Ex-girlfriend refusing to move out

Ex-girlfriend refusing to move out

22:01 PM, 16th August 2013, About 8 years ago 16

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I am the tenant of a one-bedroom flat. I moved in almost two years ago. I have a one-year fixed term tenancy which was renewed about ten months ago.Ex-girlfriend refusing to move out

My girlfriend who I have now broken up with moved in with me. She didn’t pay towards the rent and bills for almost a year due to not having an income. She then paid half the rent and bills for a year, before refusing to pay anything more when we broke up recently.

I would like to move out at the end of my tenancy but my girlfriend is refusing to move out. She has been to the council who have advised her that she cannot be evicted at short notice and that she should stay put until forced to move. She applied to take over the tenancy but her application was rejected as her stated income did not cover the rent.

The lettings agent who acts for my landlord tells me that I am liable for all costs if she refuses to leave the property at the end of the tenancy and that it may take six months for the agency to go to court and get her out.

I asked her to leave verbally two months before the end of the tenancy and the agency have emailed her a written request with about six weeks notice, saying that they require vacant possession at the end of the tenancy, and asking her to confirm she will leave the property by then. In their email to her they said she has no right of possesion as she is not the legal tenant. They have also said that they will take pre-emptive legal action if she does not confirm that she will leave the property.

My questions:

1. Is she correct in thinking I can’t ask her to leave without a court order? She is not on the tenancy agreement, but is not obviously an excluded occupier either as I am not the landlord.

2. Is the lettings agent correct in saying that I would be liable for all the rent and court costs until she can be evicted?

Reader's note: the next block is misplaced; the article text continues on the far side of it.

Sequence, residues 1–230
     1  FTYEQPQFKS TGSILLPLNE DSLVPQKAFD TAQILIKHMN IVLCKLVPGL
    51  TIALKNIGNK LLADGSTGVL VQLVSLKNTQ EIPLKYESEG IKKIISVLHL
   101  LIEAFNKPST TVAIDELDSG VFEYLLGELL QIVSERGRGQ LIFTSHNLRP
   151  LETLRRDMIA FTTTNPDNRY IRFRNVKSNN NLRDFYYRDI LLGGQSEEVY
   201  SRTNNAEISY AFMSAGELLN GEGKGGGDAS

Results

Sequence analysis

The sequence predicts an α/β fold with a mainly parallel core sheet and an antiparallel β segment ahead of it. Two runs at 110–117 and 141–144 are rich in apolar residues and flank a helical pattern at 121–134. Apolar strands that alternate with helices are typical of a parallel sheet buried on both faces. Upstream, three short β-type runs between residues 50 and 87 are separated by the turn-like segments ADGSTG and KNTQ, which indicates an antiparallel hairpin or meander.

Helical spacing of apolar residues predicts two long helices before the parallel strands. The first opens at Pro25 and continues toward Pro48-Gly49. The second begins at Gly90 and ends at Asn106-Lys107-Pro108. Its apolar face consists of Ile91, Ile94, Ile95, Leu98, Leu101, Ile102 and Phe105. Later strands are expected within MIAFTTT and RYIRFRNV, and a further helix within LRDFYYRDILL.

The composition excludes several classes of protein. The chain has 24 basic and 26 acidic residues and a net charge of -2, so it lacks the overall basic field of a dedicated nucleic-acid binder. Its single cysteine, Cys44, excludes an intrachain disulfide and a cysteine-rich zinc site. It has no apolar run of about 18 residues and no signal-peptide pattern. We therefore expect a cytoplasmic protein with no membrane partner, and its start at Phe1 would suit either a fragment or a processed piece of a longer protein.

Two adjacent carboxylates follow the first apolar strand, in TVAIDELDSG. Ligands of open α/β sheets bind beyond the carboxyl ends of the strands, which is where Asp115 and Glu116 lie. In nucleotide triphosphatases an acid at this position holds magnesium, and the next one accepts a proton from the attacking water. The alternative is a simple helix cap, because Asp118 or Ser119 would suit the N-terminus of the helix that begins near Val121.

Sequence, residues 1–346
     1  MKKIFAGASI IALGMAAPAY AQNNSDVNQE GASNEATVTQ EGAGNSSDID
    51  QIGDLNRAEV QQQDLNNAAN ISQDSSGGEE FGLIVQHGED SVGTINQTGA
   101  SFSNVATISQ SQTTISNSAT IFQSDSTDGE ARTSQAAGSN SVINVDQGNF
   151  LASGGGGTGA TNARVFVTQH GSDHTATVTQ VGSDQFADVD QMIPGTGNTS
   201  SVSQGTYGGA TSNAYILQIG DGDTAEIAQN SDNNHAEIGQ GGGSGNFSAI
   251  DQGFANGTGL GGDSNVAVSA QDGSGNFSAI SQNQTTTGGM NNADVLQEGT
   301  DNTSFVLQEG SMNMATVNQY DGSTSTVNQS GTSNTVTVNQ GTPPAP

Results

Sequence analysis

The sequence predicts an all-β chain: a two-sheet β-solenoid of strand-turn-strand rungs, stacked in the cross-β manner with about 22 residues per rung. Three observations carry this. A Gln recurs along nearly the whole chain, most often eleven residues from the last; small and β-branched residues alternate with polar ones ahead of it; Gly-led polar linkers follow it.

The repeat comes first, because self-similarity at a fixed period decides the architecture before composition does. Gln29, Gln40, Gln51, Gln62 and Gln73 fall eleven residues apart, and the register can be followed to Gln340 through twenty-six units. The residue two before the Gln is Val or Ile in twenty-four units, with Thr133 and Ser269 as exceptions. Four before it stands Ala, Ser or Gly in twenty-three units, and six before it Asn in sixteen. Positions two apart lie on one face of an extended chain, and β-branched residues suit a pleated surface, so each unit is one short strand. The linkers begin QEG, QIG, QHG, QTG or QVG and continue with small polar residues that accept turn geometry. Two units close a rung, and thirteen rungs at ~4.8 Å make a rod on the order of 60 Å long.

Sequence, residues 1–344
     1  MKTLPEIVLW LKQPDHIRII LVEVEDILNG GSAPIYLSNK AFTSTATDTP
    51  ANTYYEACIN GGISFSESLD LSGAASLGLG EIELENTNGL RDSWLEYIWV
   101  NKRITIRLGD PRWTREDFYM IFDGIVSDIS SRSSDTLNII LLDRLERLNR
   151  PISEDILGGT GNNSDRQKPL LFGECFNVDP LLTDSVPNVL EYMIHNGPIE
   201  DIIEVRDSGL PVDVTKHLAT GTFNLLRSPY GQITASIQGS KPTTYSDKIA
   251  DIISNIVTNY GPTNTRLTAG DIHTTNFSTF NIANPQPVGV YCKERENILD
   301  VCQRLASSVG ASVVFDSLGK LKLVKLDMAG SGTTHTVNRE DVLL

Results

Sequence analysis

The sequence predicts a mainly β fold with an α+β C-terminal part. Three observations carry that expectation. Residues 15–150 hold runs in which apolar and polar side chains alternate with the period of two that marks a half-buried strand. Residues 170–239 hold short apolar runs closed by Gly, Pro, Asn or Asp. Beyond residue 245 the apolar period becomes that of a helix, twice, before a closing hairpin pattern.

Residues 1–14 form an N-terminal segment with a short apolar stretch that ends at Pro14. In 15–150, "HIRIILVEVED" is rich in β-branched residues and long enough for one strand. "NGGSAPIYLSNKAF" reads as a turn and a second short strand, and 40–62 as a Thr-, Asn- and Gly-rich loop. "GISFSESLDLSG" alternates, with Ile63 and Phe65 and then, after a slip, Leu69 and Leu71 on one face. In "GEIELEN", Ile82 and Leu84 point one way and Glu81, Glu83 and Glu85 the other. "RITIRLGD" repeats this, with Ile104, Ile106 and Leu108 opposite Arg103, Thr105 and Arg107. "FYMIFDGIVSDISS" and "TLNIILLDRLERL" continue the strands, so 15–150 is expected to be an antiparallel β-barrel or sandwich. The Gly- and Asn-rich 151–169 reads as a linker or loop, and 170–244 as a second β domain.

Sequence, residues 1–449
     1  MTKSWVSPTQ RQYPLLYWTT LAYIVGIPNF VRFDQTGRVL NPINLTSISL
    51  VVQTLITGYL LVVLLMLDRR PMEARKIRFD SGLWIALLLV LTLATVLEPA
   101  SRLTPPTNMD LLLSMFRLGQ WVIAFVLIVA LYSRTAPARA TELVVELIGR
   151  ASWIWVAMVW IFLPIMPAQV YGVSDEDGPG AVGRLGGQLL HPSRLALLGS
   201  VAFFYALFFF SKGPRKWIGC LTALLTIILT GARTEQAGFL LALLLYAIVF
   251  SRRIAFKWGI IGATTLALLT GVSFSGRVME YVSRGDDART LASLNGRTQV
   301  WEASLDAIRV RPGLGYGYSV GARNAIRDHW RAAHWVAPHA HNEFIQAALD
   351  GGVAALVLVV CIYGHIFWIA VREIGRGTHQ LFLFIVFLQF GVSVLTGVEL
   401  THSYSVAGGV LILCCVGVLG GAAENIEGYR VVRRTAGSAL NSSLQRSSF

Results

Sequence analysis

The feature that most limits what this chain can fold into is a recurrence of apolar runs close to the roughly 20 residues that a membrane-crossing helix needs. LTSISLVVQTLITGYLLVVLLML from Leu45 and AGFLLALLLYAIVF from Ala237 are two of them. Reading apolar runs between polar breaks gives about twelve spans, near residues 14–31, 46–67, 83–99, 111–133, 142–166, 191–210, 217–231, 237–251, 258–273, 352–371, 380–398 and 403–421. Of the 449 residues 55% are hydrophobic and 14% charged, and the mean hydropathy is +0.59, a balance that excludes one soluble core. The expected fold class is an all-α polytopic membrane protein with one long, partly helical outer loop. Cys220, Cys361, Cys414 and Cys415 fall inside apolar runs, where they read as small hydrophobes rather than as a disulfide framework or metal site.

3. The lettings agent says they would give permission for me to change the locks at the end of the tenancy if she refuses to move. Would that be an illegal eviction or is it an option open to me?

Changing the locks doesn’t appeal to me but nor does paying someone else’s rent for six months or a further six months of cohabitation, with the eviction notice being in my name.



Comments

by Jay James

13:00 PM, 17th August 2013, About 8 years ago

Reply to the comment left by "Mary Latham" at "17/08/2013 - 12:32":

Thanks Mary. How does not owning the property when you are a resident LL put you in a stronger legal position?

by Neil Robb

16:56 PM, 19th August 2013, About 8 years ago

I would hold back on the fact you might change the locks when she goes out. I know this sounds sneaky. But if you tell her you can do this she might just stay in and get friends to bring thing in for her. I would give reasonable notice telling her to leave by a certain date before your tenancy ends. Then when she goes out I would pack up all her belonging the first time she goes out after that date put them out the house. I would change the locks. I would arrange to leave the property a week early but pay that rent for that week. Then after you have done this I would text her and tell her you have left your tenancy a week early and neither of you have a right to re-enter property.

I would also after doing this inform the local police that she was not a tenant and was given plenty of notice to leave. But was holding you to ransom by refusing to leave the property. Then if she tries to force her way into the property this would be criminal damage and Squatting.

by Mark Alexander

17:02 PM, 19th August 2013, About 8 years ago

Reply to the comment left by "Neil Robb" at "19/08/2013 - 16:56":

Why wait? I have had her stuff in black bin bags and the locks changed this weekend just gone, assuming she went out of course!
.

by Neil Patterson

13:43 PM, 20th August 2013, About 8 years ago

Reply to the comment left by "Mary Latham" at "17/08/2013 - 12:08":
Very interesting point below Mary

"The Letting Agent is correct if you do not give vacant possession you remain liable to pay the rent etc. Simply moving out yourself and leaving the agent to remove your lodger is not enough."

In my ignorance my first reaction would have been just leave and move on as I am sure many peoples would have been.

by Jay James

12:12 PM, 26th August 2013, About 8 years ago

debbiet1965 apparently put a message on here at 10.15pm, 25-08-13, per email received at that time.
It referred to the gov rent a room scheme (I am not enquiring about the scheme).
Where is the comment?

by Mark Alexander

18:39 PM, 26th August 2013, About 8 years ago

The comment was removed as requested by the author


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